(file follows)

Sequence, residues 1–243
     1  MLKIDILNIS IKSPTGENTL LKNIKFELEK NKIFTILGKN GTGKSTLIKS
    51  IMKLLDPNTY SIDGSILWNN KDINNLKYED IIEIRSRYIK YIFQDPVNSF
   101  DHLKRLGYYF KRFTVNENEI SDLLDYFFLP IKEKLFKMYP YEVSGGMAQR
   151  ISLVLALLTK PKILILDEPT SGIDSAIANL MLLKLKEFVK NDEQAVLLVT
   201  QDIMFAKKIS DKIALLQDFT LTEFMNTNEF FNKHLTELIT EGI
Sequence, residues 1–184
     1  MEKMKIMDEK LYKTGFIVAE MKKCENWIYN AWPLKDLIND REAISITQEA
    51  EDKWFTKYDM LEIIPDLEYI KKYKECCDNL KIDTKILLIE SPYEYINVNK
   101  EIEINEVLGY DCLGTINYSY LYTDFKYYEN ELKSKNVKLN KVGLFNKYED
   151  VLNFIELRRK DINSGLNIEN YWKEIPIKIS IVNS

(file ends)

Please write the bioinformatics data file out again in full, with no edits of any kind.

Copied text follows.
Sequence, residues 1–243
     1  MLKIDILNIS IKSPTGENTL LKNIKFELEK NKIFTILGKN GTGKSTLIKS
    51  IMKLLDPNTY SIDGSILWNN KDINNLKYED IIEIRSRYIK YIFQDPVNSF
   101  DHLKRLGYYF KRFTVNENEI SDLLDYFFLP IKEKLFKMYP YEVSGGMAQR
   151  ISLVLALLTK PKILILDEPT SGIDSAIANL MLLKLKEFVK NDEQAVLLVT
   201  QDIMFAKKIS DKIALLQDFT LTEFMNTNEF FNKHLTELIT EGI
Sequence, residues 1–184
     1  MEKMKIMDEK LYKTGFIVAE MKKCENWIYN AWPLKDLIND REAISITQEA
    51  EDKWFTKYDM LEIIPDLEYI KKYKECCDNL KIDTKILLIE SPYEYINVNK
   101  EIEINEVLGY DCLGTINYSY LYTDFKYYEN ELKSKNVKLN KVGLFNKYED
   151  VLNFIELRRK DINSGLNIEN YWKEIPIKIS IVNS